The majority of whom wrote in the latter 18th century, when the art of manufacturing Harpsichords at home (that is, in France) started to decline, and people started to import from Austria and other places. For the most part, the period up to the 1760s-1780s in France only saw single-manualled instruments.

Also, two questions:

1.) Are the works you are referring to for solo Harpsichord, or for ensembles that included Harpsichords? If thlatter, then your claim is not supported, for Rameau also uses said terms in his Pieces de Concert, but not for the Harpsichord part, but rather for the Orchestral parts.

2.) Are they for Harpsichord at all, or rather for Organ (which often used the same instructions that you list--i.e., P Clavier [Plein jeau], G Clavier [Grand jeau], etc.)? After all, many of the composers you list also wrote for Organ (or wrote primarilly for Organ).

< On top of that you have to consider all the 'pieces croisees' which are written for 2 keyboards (such as F. Couperin's Tic Toc Choc. It is quite something to watch Sokolov play it on one keyboard only) with clear
instructions for owners of one manual harpsichords to play one hand one octave below. >
Actually, from what I have read in the aforementioned sources, such pieces were actually writtten for single-manualled Harpsichords using the same principles as Scarlatti sonate written the same way. Where they cross is actually the hands, not the manuals (like in the Klavieruebung volumes).

Craig Schweikert wrote (February 25, 2005):
David Glenn Lebut Jr. wrote:
< The majority of whom wrote in the latter 18th century, when the art of manufacturing Harpsichords at home (that is, in France) started to decline, and people started to import from Austria and other places. For the most part, the period up to the 1760s-1780s in France only saw single-manualled instruments. >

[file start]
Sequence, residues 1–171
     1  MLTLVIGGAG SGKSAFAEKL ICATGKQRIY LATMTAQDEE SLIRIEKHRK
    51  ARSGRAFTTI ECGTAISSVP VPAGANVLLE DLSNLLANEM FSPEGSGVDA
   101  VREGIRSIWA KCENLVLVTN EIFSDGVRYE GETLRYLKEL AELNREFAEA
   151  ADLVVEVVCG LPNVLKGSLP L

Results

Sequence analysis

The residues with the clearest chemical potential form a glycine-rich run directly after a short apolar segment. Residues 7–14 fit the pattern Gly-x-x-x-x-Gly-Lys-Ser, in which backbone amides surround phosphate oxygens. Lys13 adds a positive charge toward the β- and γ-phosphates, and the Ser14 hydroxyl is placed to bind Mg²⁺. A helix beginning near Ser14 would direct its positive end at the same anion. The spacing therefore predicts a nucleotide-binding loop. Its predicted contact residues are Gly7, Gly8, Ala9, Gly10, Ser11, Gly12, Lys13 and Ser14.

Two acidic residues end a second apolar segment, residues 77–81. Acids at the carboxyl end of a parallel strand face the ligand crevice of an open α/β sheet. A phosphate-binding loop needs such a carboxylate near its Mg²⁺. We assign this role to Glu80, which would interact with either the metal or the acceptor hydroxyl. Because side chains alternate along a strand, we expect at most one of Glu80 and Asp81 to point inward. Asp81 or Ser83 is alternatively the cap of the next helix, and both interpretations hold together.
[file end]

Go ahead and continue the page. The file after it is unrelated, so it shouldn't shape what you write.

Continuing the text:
Huh?

Dandrieu: 1682-1738
Forqueray: 1672-1745
Février: 1696-1760

A.-L. Couperin died in 1782, but one out of four does not a majority make.

Laurent Planchon wrote (February 25, 2005):
David Glenn Lebut Jr. wrote:
< The majority of whom wrote in the latter 18th century, when the art of manufacturing Harpsichords at home (that is, in France) started to decline, and people started to import from Austria and other places. >
Where do you get your information from ? The French were probably the last ones (with the English) to manufacture haprsichords and to try to compete with the fortepiano.

< For the most part, the period up to the 1760s-1780s in France only saw single-manualled instruments. >
Same here. My list of composers was pre-1780, and I actually even forgot Rameau's "la Poule" which has a bunch of "fort" and "doux". As far as the 'pieces croisees' are concerned with instructions to play one octave
below on single manuals, I was refering implicitely to Francois Couperin.

< 1.) Are the works you are referring to for solo Harpsichord, >
Of course.

< 2.) Are they for Harpsichord at all, or rather for Organ Harpsichord.>
I was refering only to 'pieces de clavecin'.

Laurent Planchon wrote (February 25, 2005):
[To Craig Schweickert] It is also really striking to consider that 5 out the the 5 surviving Hemsch harpsichords (1736, 1751, 1754, 1756, 1762) are double manuals.

Craig Schweikert wrote (February 25, 2005):
David Glenn Lebut Jr. wrote:
< The majority of whom wrote in the latter 18th century, when the art of manufacturing Harpsichords at home (that is, in France) started to decline, and people started to import from Austria and other places. For the most part, the period up to the 1760s-1780s in France only saw single-manualled instruments. >
Amazing what a little bit of googling will turn up. For many more results of this type, use "french harpsichords" as your search string.